But you don’t have to ever go to the site if you don’t want to!  The real power of Twitter is that it can let you do all these short internet communications (micro-blogging) right from your cell phone.  Basic text messages that you may already use on your cell phone (called “SMS messages“) can be used to send and receive messages from Twitter.   Just link your Twitter account to a mobile phone in your Twitter settings, and then you can send your updates as text messages to 40404.  Incoming Twitter messages from the users you follow will show up as incoming texts from Twitter, but with labels to show you which user the update is from.  You can also customize your mobile updates, so you only get messages from certain users. If you follow some people who are heavy updaters, you might get tired of constant alerts of new text messages.  Also be sure you understand your cell phone’s text messaging plan – Twitter is free to use, but if you don’t have unlimited messaging on your phone, it could be easy to run up a big bill.

Once you have your Twitter up and running on your mobile phone things get really interesting, as now you’ve basically turned your cell phone service into an internet chat room. And in terms of business, that gives you near constant connection.  Twitter users are often the first people to know the newest information, and love to post updates about it online.  It’s an interesting way to see what’s new in the world – finding out what people are talking about literally “right then”.  Plus it creates an interesting crowd of which to ask questions: What’s going on tonight?  Can anyone recommend good seafood on the north side of town?  Is anyone getting anything out of this conference?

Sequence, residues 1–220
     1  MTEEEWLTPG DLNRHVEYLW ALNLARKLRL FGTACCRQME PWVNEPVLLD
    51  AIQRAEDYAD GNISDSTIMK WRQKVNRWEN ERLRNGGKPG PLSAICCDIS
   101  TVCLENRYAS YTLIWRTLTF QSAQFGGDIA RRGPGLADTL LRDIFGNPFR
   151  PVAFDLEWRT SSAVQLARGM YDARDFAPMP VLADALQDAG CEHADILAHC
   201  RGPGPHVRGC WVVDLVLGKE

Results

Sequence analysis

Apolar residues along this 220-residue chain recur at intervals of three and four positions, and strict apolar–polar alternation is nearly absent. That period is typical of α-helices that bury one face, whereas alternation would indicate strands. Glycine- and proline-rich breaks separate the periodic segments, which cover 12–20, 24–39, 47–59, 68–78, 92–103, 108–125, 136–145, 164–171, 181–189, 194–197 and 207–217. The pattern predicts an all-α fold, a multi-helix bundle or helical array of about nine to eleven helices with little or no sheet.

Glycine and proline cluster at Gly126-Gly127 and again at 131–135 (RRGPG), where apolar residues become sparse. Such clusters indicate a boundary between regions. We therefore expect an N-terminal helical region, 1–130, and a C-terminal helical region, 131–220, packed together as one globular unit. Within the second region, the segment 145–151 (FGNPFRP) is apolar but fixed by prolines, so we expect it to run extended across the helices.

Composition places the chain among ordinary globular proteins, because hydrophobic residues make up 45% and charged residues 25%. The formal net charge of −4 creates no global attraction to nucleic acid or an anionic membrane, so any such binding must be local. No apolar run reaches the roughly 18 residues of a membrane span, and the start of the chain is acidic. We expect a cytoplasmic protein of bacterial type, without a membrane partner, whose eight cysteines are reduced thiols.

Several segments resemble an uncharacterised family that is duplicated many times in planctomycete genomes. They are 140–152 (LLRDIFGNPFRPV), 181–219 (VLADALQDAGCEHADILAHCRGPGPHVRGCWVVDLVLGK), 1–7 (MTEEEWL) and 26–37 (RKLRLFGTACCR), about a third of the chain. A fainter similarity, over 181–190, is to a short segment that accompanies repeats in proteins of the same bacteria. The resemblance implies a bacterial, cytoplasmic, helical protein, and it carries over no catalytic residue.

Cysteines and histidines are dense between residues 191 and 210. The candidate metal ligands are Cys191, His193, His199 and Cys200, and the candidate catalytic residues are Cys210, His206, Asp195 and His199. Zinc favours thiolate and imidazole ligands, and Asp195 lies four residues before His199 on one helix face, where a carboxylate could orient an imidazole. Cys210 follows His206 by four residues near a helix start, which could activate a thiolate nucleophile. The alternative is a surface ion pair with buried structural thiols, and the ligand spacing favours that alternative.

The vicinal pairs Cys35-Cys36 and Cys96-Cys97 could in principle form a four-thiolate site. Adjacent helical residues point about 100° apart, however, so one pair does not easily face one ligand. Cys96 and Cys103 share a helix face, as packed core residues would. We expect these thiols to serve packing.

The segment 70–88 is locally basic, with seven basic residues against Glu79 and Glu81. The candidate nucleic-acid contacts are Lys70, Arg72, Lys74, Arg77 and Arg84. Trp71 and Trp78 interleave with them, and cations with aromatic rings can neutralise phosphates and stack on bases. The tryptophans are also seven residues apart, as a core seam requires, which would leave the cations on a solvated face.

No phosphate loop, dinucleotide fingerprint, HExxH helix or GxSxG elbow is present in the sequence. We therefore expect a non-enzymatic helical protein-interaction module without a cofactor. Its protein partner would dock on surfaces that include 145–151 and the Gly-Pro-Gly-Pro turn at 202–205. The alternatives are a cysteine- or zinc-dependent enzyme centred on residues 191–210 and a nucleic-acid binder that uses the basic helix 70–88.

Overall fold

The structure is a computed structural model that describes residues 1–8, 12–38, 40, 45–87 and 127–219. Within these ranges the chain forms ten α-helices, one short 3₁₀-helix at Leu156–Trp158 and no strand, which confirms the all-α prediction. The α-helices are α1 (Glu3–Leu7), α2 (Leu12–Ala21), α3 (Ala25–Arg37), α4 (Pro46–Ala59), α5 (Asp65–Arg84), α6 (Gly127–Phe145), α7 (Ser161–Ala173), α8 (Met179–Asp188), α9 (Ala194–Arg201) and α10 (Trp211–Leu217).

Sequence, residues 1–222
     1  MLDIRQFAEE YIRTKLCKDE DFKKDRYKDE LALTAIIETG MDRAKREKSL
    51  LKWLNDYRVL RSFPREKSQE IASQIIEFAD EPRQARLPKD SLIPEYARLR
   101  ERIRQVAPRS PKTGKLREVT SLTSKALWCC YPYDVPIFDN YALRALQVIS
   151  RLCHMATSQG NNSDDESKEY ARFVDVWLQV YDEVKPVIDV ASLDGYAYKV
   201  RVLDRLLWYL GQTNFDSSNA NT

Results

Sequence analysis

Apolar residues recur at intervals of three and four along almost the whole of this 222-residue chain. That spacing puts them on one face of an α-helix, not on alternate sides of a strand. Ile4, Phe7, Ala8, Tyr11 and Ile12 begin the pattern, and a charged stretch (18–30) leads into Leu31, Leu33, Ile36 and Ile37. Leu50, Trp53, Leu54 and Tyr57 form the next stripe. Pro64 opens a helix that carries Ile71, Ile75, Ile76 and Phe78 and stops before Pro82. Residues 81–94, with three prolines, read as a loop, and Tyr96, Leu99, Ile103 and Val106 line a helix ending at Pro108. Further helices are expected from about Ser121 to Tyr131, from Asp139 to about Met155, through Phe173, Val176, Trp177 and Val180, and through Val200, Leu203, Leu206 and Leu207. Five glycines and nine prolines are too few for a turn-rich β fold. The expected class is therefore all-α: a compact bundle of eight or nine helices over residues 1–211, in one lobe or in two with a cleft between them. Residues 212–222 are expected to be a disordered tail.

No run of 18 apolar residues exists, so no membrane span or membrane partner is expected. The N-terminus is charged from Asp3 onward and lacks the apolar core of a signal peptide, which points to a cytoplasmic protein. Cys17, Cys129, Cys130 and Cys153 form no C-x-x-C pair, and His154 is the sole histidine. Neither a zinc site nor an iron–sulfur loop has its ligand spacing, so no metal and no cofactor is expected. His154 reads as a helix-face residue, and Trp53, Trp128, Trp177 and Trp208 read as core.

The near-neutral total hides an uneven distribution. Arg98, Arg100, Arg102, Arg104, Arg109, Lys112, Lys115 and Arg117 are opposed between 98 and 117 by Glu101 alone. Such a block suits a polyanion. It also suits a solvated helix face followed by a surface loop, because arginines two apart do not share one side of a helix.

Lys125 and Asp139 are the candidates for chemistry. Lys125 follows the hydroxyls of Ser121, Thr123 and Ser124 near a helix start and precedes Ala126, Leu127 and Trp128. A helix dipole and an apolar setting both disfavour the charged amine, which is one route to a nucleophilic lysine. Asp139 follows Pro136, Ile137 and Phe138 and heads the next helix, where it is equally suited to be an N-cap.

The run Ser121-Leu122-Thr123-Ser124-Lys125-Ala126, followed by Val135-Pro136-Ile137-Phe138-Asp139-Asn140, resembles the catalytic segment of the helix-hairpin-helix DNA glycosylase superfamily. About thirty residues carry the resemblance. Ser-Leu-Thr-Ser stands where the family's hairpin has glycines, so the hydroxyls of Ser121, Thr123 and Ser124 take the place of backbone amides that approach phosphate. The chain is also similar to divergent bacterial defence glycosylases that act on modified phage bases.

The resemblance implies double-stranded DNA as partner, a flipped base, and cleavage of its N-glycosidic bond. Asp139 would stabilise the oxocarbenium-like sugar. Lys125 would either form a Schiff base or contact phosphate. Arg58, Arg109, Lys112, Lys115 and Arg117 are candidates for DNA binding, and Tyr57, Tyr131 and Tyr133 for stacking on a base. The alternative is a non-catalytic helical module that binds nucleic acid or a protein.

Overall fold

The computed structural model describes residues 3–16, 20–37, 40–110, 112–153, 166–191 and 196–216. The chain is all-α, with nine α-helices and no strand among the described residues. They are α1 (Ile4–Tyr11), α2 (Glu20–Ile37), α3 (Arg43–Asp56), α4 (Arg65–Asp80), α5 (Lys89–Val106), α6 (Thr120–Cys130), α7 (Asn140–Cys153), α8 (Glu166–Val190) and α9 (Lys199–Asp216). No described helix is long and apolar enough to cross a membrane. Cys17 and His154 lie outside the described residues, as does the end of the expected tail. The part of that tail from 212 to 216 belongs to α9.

The brilliance of Twitter is that it so easily connects people on all different types of computers and cell phone platforms.  Twitter can seamlessly create networks of people communicating for mutual benefit, and provide an interesting new way to keep on top and keep in touch.

To Recap:

  1. Social Networking = networking with your friends’ friends
  2. Micro-blogging = little missives without all the niceties and all the heart
  3. Twitter = #1 + #2 (little missives to your friends’ friends’ friends)
  4. How can you leverage this technology to make your practice more efficient and productive?

Note from Mary Pat: How can Twitter be used in a medical practice setting?  Here are a few ways – I’m sure you can think of others.  If your doctor is running late, use direct messages to Twitter patients to let them know right away that they can arrive later or reschedule their appointment.  Likewise, when an earlier opening is available, Twitter a patient to see if they could fill your appointment time.  Twitter your doc to let him/her know about schedule changes that would affect what s/he is doing right now.

And to get you started on Twitter, my Twitter name is “Mary_Pat_Whaley.”

Posted in: Learn This: Technology Answers, Social Media